Proof Interpretations: a modern perspective

Course at NASSLLI ’18: Logic and Computation theme. Baker Hall 235B, Carnegie Mellon University.
Lectured by Anupam Das and Thomas Powell.

This page will contain resources and useful information for the course once they are available.

Motivation and description

In the 1930s, in the midst of the foundational crisis of mathematics, David Hilbert introduced his metamathematical program, aiming to reduce mathematics to a formal axiomatic system whose consistency could be proven using ‘finitary’ methods. Gödel’s incompleteness theorems famously confirmed that Hilbert’s program, in its strictest sense, is impossible to achieve. Less recognized are Gödel’s attempts to overcome his own obstacle and tackle Hilbert’s program in broader terms. Over the following decades, Gödel developed his Dialectica interpretation, which reduced Peano arithmetic to a quantifier-free system of higher order functionals, System T, allowing the consistency of arithmetic to follow from that of T.

During the 1950s, Kreisel observed that proof interpretations like Gödel’s could also be viewed from another angle: as tools for extracting concrete witnesses from existential statements. In the following years these insights were developed further, and from the 1990s onwards the formal extraction of programs from proofs truly took off thanks to the ‘proof mining’ program led by Kohlenbach. As a result of this fascinating re-orientation of proof theory, there has been a resurgence of interest in proof interpretations in the last 20-30 years, inspiring research from a range of different perspectives.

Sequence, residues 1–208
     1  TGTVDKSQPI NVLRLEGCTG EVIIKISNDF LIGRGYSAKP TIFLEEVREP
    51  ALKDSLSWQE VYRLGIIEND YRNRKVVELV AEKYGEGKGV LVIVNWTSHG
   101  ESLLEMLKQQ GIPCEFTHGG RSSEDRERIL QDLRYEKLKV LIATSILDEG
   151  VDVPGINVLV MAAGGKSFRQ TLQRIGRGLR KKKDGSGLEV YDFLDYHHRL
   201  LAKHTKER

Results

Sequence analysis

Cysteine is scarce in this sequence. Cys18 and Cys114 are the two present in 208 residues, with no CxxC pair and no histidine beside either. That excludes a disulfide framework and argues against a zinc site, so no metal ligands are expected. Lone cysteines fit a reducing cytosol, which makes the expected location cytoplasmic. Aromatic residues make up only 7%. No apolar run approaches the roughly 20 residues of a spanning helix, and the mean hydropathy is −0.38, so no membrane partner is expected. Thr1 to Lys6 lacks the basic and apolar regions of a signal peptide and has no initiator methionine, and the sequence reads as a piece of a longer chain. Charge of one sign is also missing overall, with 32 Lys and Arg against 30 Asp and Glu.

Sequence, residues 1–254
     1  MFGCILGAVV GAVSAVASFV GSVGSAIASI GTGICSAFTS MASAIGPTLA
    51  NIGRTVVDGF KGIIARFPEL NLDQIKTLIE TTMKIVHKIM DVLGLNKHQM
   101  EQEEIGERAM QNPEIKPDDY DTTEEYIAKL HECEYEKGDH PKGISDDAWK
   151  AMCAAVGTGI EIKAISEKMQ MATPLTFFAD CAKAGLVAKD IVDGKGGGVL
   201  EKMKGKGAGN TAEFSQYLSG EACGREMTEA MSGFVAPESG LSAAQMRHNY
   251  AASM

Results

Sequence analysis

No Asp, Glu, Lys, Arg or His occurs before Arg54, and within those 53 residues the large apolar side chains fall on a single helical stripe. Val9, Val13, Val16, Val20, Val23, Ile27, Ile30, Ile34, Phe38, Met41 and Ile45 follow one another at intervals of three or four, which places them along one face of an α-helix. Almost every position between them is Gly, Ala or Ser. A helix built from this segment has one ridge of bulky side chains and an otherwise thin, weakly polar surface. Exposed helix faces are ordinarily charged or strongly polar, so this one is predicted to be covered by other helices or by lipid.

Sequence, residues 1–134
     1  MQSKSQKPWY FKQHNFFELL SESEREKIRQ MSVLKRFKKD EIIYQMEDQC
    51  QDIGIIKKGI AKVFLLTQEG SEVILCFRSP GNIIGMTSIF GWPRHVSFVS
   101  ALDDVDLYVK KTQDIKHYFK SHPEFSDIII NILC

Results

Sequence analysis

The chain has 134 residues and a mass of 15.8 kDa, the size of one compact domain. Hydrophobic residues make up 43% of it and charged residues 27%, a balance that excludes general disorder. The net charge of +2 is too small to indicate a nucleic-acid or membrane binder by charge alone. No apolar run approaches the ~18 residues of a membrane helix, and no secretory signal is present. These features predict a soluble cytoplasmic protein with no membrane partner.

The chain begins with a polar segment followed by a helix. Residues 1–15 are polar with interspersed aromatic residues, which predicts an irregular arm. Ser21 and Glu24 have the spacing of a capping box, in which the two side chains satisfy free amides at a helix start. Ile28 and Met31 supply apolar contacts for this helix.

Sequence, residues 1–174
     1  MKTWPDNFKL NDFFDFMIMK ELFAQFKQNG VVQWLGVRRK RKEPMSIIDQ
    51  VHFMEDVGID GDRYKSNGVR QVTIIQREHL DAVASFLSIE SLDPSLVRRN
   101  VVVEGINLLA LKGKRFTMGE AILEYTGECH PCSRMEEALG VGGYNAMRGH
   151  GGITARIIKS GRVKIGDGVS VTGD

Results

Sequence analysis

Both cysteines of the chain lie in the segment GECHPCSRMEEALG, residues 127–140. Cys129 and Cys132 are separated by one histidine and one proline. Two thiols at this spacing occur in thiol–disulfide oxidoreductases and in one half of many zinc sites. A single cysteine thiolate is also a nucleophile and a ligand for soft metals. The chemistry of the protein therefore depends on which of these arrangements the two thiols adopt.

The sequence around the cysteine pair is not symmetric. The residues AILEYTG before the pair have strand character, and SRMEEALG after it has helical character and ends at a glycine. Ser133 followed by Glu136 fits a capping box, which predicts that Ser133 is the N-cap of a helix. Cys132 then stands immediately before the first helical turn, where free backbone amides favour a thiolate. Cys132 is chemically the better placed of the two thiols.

The aim of this course is to provide an introduction to proof interpretations up to the point where some of their many and varied roles in modern research can be understood and appreciated. We will assume a basic familiarity with the proof theory of first-order logic, but intend to frame the course so that it is accessible and interesting for mathematicians, philosophers, linguists and computer scientists alike.